7. Reach out.  Call a friend, a family member, a support or crisis line.  If you don’t feel comfortable calling anyone, try going to a public place like a library or coffee shop and just break the isolation by sitting there with people around you.  Talking to a safe person is often a good way to work through urges to self harm.  You have the choice to tell the person you are struggling or not.
  8. Distract yourself with an enjoyable TV show, youtube video, magazine, book or music.  Lose yourself in another world for a short time.  Choose something that will cheer you, not something triggering.
  9. Exercise.  Use your large muscle groups.  Walk, do jumping jacks, stretch, yoga, lifting cans in your kitchen, anything you feel able to do and have access to.  Moving your body can help you process intense feelings like anger.
  10. Connect with spirituality, meditate, religion etc.  Connect with a higher power.  For me this means visiting nature and getting in touch with how small I am compared with the power of the natural world
  11. Spend time with someone very young or very old, or a pet.  Volunteer, connect with a family member, visit a neighbour with a new baby, offer to pick up groceries for a senior living in your area.  Walk your neighbour’s dog, take care of your own pets. Helping others, even in small ways, can be an option and alternative to self destructive coping.  For me, being able to help another person reduces my sense of shame and hopelessness and increases my connections.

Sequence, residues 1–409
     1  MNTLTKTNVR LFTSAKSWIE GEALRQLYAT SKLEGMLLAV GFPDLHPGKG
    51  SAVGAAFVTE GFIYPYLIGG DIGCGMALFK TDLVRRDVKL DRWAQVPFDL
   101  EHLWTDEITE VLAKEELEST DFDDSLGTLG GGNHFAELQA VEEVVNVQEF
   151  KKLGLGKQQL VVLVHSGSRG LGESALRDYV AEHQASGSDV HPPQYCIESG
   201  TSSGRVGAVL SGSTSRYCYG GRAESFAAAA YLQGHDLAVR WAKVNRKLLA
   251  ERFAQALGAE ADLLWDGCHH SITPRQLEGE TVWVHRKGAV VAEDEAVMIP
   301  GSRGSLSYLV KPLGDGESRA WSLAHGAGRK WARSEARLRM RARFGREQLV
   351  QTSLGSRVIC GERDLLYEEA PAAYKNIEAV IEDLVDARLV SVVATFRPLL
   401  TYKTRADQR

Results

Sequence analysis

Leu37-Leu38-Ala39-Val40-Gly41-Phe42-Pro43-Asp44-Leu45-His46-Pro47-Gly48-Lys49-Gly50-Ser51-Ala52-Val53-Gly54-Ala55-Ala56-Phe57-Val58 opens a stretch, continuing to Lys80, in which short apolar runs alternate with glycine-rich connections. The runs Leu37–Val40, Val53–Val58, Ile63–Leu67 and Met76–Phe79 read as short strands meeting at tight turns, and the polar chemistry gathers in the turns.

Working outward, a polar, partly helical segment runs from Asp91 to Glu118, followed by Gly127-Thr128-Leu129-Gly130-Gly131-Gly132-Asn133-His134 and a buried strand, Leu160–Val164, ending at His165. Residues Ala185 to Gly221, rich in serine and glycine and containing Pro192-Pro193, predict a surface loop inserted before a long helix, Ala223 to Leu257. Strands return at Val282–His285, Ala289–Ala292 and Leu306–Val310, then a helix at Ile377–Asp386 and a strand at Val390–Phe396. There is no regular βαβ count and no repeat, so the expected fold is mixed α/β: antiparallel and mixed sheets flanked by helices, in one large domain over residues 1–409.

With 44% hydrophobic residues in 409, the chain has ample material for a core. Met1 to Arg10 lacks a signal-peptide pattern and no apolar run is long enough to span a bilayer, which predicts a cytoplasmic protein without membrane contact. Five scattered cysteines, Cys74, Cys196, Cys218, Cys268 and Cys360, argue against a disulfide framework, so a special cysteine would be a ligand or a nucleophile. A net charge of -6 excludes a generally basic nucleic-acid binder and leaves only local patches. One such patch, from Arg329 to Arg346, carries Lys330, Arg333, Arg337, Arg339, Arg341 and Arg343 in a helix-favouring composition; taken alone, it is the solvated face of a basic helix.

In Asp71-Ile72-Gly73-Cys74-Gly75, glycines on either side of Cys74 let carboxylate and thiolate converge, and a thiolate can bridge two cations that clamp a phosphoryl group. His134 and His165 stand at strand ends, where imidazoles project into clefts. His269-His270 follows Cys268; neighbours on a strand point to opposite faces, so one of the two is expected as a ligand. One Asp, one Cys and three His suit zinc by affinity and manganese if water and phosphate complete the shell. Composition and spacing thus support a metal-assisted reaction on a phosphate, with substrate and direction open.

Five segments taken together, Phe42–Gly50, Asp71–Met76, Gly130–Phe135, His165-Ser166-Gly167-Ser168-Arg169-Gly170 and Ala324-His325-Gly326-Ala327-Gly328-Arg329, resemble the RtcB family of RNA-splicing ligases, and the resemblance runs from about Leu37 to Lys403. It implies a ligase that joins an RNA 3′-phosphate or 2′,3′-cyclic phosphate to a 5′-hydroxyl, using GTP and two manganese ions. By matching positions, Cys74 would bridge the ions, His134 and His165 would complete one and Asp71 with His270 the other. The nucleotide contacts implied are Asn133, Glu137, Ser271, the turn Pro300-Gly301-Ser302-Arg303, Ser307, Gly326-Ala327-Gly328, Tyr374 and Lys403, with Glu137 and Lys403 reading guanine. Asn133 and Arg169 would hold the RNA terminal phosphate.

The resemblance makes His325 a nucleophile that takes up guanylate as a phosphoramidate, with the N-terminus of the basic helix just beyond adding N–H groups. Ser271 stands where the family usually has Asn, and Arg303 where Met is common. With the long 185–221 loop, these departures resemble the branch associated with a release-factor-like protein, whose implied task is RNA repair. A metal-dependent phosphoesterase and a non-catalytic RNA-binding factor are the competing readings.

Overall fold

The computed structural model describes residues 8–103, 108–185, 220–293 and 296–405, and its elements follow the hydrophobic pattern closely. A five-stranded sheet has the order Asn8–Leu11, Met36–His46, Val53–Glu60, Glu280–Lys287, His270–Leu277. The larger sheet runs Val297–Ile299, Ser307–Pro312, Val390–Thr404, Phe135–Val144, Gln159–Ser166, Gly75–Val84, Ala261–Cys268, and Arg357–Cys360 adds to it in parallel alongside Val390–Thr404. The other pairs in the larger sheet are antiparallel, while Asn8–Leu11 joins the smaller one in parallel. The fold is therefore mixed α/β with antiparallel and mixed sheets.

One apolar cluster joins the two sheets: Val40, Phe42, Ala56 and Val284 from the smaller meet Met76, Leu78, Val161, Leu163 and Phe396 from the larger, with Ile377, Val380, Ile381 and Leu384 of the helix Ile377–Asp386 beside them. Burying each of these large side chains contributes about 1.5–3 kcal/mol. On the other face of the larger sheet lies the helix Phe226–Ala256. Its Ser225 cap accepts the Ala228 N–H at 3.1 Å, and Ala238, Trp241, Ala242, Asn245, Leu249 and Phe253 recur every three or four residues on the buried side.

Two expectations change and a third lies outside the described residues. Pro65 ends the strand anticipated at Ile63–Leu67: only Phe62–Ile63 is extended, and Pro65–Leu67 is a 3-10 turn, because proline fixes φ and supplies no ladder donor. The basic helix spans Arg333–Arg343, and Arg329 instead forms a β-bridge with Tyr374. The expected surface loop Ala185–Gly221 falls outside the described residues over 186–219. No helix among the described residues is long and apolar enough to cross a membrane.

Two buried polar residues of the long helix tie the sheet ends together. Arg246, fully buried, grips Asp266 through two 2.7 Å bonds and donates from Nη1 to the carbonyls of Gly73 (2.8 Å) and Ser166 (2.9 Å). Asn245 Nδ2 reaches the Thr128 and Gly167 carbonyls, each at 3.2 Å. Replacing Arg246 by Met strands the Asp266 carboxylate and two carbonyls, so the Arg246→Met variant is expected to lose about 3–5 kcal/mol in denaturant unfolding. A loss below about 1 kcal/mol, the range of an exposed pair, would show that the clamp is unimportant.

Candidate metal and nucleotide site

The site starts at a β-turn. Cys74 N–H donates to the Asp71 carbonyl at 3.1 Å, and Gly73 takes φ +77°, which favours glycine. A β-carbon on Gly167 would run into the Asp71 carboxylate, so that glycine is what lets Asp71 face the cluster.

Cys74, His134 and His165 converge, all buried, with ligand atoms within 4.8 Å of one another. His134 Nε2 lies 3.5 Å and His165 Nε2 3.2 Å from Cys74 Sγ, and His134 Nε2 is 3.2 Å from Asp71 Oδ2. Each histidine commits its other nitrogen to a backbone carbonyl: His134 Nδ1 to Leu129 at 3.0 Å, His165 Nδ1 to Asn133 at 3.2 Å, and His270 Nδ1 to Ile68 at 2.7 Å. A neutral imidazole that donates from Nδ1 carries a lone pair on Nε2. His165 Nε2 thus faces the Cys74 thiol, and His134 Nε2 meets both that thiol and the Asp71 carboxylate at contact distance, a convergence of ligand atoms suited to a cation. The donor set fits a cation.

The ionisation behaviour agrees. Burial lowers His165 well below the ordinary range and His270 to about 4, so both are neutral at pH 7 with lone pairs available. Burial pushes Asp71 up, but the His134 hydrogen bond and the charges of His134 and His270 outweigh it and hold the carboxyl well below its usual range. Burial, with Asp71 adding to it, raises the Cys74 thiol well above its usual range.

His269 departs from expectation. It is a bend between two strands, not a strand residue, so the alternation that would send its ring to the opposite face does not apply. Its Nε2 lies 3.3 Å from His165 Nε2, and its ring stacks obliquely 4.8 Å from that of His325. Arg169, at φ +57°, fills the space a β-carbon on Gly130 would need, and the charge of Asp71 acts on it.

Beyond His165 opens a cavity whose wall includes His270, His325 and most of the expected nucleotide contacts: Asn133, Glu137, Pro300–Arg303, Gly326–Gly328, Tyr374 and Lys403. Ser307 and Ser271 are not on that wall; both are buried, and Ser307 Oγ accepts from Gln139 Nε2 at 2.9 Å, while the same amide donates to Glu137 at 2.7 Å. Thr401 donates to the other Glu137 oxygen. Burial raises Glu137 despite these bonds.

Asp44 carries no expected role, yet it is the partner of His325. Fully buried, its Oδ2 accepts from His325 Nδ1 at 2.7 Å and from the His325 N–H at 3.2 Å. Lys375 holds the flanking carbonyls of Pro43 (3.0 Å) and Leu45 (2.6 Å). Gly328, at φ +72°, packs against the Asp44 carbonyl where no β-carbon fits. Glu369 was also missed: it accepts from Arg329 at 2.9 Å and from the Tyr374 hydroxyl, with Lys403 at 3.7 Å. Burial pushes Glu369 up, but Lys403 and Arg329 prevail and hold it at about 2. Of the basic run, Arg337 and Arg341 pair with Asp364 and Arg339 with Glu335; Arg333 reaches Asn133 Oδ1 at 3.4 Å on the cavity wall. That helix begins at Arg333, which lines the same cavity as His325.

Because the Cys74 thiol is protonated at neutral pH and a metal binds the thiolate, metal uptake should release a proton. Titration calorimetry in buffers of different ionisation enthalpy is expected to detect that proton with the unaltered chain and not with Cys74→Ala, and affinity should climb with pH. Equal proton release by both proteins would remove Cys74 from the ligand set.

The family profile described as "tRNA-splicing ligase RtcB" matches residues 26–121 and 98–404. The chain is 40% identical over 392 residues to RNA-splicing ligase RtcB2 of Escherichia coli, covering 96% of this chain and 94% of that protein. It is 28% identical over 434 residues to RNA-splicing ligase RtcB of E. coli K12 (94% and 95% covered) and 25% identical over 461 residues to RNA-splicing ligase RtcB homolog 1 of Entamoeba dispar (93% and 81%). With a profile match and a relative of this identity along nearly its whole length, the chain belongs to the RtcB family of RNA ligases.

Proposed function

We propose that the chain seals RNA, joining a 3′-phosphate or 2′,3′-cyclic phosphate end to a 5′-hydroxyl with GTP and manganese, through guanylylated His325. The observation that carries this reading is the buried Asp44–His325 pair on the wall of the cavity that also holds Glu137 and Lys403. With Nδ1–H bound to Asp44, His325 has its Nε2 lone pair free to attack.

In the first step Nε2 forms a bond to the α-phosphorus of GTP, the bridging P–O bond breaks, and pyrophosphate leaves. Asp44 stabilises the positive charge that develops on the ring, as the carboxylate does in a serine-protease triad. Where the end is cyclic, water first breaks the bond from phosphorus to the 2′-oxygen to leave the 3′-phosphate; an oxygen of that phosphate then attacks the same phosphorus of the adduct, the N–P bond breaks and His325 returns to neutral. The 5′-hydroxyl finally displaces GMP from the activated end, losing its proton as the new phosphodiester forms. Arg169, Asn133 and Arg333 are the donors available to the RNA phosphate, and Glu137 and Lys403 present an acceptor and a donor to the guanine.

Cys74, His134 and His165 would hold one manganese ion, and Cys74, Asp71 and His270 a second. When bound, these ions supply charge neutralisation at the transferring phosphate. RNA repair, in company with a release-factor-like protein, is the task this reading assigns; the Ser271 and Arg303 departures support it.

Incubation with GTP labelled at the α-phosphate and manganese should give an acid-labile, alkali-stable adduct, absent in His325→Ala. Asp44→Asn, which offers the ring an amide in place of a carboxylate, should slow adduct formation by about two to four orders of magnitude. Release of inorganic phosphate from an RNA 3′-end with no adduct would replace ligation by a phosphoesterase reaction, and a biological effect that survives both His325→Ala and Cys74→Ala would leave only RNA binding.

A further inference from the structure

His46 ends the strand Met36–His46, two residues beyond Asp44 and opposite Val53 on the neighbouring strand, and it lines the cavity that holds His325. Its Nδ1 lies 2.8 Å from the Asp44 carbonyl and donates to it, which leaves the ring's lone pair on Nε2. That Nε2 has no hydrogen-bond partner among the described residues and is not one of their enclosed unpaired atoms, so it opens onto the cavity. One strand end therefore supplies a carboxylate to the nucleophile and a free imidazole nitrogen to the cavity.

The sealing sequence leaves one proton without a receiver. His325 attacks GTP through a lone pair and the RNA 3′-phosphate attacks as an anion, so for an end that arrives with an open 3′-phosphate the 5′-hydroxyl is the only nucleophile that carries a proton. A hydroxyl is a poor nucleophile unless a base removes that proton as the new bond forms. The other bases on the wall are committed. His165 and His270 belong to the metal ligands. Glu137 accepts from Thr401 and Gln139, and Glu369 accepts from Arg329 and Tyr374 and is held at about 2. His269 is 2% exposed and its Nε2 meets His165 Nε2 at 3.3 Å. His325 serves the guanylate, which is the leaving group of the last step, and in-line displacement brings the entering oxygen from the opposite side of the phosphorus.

12. Hug a stuffed animal.  Sometimes I need comfort and stuffed animals are a good option for me and help me feel safe.
  13. Spend time around water.  Take a bath or shower.  Walk by the river, ocean or lake.  Go swimming.  Run warm or cold water over your hands and wrists.   Flowing water can be very calming.
  14. Use positive affirmations, ideally ones you have prepared yourself.  Sometimes self harming is driven by negative self talk and negative shame based messages you are giving yourself.  You can find ideas for affirmations on the internet and rework them to suit your purpose.  If an affirmation seems unrealistic try adding “I’m learning to…” at the beginning.   For example, “I’m learning to love myself.
  15. Remind yourself that you are doing the best you can.  That you are surviving and sometimes that is enough.  Some days all we can do is survive and that’s okay.

These are just a few ideas I’ve worked with over the years.  I hope you find them helpful.  Please feel free to comment with your coping ideas!